Pilates Q and A
What is pilates?
Pilates is an exercise method that challenges the mind, body and core. The exercises emphasize core strength, focused breathing patterns and body awareness stressing quality over quantity of movement. It combines the breath with fluid movements that relieve tension and stress while building long, lean and flexible muscles. The exercises strengthen the body without building bulk or placing stress on the joints using non-impact resistance.
Mat exercises are performed lying on the back (supine), lying on the abdominals (prone), lying supported on one side, and sitting vertical on top of the sit-bones. A complete pilates session will include exercises that incorporate flexion, extension, lateral flexion and rotation of the spine in order to work all the major mobilizing and stabilizing muscles of the body. In a session, you will perform a variety of dynamic movements that may include arm and leg circles, spine articulation, leg kicks and extensions, and even rolling like a ball on the mat. Pilates incorporates stretches and fluid movements into the strength exercises to increase range of motion in the joints and muscles.
Who created Pilates?
Joseph Pilates, a performer and boxer living in England, created Pilates during World War II as a means to heal his own ailments. He spent his time in internment camps creating matwork exercises and rigging springs to mattresses to create movement resistance equipment for the bed-ridden. He and his wife, Clara, continued to fine-tune their movement repertoire, which they originally called "contrology", and carefully trained instructors who would carry on their ideas and methods into the next millennium. Dance pioneers Martha Graham and George Balanchine were among the first to reap the benefits of Pilates. Since it was introduced, Pilates' work has branched into many methods and schools and continues to evolve.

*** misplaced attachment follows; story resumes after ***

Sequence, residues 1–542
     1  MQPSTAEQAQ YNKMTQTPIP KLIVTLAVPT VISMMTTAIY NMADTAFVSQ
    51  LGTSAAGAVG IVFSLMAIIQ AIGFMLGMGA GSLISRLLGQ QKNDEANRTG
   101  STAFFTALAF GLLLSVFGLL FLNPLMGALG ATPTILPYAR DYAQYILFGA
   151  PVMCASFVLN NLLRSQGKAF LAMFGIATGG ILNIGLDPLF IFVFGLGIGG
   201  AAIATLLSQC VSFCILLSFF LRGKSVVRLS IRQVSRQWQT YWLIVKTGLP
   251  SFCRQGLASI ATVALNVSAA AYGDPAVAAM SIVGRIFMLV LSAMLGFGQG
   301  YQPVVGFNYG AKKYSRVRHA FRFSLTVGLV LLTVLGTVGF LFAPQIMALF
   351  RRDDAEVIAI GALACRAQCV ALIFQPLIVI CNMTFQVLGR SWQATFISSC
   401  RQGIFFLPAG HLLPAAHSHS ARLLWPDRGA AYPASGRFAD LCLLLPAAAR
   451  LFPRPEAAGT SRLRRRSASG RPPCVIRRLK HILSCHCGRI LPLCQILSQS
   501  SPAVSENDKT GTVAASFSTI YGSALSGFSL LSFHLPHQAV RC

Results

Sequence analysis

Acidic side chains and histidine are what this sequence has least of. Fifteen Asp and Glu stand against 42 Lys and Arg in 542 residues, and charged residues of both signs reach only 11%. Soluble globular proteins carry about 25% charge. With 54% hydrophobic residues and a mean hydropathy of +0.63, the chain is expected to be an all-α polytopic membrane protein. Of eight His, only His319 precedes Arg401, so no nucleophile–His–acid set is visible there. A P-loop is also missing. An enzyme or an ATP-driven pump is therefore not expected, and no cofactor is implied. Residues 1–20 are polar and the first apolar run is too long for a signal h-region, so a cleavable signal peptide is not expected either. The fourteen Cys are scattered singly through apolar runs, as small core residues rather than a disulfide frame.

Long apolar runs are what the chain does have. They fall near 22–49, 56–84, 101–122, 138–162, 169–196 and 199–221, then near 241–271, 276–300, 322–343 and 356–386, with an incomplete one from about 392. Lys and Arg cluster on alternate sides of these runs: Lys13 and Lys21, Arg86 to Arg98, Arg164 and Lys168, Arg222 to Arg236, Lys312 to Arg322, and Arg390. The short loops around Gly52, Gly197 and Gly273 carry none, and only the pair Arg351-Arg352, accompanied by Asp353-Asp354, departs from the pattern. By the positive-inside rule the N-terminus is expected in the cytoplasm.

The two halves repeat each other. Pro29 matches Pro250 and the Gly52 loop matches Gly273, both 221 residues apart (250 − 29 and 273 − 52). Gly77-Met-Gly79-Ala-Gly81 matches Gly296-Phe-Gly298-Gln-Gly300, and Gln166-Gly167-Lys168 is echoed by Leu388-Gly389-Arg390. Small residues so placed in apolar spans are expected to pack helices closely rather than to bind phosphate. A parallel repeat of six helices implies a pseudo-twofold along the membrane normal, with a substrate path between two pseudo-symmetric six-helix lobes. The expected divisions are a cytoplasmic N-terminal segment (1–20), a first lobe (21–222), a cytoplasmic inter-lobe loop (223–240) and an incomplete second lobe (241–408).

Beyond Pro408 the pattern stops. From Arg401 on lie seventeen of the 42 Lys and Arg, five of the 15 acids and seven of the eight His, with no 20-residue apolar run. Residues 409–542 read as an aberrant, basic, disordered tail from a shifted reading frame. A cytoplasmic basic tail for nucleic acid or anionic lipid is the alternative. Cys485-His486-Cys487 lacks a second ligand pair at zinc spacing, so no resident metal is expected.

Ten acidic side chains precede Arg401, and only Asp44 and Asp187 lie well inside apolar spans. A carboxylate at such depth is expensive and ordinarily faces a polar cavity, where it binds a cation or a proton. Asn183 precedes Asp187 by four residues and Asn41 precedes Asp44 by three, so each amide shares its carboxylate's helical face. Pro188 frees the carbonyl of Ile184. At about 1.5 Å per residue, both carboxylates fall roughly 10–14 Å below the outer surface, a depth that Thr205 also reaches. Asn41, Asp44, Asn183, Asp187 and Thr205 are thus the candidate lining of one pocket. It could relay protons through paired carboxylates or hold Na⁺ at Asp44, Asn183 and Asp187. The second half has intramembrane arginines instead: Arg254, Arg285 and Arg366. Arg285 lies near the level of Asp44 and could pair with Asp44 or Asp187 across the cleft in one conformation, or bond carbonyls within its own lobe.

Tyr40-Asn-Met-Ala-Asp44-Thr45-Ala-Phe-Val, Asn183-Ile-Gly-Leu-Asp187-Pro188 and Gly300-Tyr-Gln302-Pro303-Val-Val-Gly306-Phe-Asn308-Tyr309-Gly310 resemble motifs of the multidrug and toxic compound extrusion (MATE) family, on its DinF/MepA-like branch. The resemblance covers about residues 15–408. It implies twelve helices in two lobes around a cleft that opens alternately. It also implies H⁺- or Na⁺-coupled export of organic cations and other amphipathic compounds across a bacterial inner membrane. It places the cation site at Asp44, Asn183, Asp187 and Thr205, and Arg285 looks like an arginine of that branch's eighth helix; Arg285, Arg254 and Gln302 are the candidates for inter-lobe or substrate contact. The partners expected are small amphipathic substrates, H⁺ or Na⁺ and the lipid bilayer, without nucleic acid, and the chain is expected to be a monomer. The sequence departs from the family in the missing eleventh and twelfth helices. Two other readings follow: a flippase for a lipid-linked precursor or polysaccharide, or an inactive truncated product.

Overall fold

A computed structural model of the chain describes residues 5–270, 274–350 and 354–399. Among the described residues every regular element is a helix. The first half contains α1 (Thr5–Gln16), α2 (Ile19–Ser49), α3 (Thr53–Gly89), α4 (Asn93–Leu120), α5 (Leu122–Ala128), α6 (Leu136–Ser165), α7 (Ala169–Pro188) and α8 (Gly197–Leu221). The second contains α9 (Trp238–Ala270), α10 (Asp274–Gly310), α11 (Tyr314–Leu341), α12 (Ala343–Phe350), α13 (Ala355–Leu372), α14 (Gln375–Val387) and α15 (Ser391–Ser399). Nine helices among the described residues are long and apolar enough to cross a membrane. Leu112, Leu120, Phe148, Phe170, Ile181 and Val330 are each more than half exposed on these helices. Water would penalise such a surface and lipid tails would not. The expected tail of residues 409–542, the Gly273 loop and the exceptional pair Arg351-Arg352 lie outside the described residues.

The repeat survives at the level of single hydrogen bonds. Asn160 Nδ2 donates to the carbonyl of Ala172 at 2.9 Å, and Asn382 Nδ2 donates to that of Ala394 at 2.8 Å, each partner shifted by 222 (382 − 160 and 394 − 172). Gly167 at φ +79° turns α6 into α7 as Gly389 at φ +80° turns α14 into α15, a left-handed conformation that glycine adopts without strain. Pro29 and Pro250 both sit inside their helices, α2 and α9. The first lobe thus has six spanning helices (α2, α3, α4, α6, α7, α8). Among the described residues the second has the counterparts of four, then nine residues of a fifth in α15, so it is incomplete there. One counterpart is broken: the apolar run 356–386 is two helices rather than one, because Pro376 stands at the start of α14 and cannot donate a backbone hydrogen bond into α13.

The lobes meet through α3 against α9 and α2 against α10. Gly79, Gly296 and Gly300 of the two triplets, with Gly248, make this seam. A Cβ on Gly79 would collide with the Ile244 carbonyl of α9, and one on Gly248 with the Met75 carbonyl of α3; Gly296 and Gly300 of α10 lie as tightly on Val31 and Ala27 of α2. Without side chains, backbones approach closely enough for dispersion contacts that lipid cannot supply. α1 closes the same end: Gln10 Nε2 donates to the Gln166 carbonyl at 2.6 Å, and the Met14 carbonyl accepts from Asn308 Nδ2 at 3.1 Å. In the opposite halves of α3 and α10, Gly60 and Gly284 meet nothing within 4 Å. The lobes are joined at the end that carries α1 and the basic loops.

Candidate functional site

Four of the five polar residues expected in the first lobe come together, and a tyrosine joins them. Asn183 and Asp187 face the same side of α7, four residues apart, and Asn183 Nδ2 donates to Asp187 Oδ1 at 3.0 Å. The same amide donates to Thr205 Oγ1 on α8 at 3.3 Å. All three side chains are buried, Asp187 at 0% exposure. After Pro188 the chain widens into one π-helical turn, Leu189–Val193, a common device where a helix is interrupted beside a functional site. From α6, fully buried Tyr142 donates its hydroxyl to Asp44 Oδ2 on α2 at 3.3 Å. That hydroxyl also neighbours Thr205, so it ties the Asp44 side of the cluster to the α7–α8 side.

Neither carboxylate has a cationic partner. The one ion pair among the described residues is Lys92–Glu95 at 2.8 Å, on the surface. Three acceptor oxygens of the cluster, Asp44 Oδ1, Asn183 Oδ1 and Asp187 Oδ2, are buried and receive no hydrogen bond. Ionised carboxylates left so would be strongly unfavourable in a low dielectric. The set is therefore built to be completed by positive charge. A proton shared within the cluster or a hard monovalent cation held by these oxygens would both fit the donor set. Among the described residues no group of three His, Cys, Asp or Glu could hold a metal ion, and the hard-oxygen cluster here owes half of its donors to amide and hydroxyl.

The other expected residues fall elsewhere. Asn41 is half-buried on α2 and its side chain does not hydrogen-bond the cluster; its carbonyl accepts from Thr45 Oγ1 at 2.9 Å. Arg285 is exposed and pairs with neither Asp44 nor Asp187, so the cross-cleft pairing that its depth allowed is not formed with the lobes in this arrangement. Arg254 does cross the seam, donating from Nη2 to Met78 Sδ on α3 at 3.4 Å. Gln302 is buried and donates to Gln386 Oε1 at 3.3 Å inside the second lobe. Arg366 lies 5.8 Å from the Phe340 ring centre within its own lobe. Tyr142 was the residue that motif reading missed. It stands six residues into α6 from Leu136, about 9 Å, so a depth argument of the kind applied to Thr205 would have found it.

How will I benefit from a Pilates workout?
Those who practice Pilates regularly are likely to enjoy increased lung capacity, improved circulation, pain relief, flexibility, balance, control, and joint health and improved posture. No form of exercise is appropriate for everybody, but Pilates is safe and effective for most people. Most of the exercises can be specifically modified for anyone from rehabilitation patients to professional athletes.
How much will it cost?
Pilates is most effective when taught by a qualified instructor in a one-on-one session. These sessions generally range from $35 for a trainee to $100 for a master or instructor trainer. Of course, you can also train with a friend of similar ability as a cheaper alternative. Pilates studios and health clubs often offer group mat and equipment classes for around $10 to $20. To get the most out of your workout, it is best to schedule a few private sessions with an instructor before joining a class to learn exercise modifications that are appropriate for your body. Because Pilates programs are designed based on a client's postural deviations, goals and fitness level, it is best to begin with an instructor who can identify muscular and flexibility imbalances and create safe exercises based on individual needs and goals. Private sessions, therefore, are recommended until you have gained the strength and coordination to perform the exercises correctly on your own.
Where can I find it?
Local health clubs and organizations such as park districts often offer mat classes as part of their group fitness program. Some employers even offer Pilates mat classes on-site during lunch breaks or at the end of the work day. Instructors who offer private sessions work in gyms, in Pilates specific studios or in-home. For more details on Pilates, you can visit websites such as www.stottpilates.com or www.pilatesmethodalliance.org .
Remember, strength and flexibility training are anaerobic and are most effective when used in conjunction with cardiovascular exercise and a healthy, balanced diet. Always obtain clearance from your doctor before beginning a new exercise program.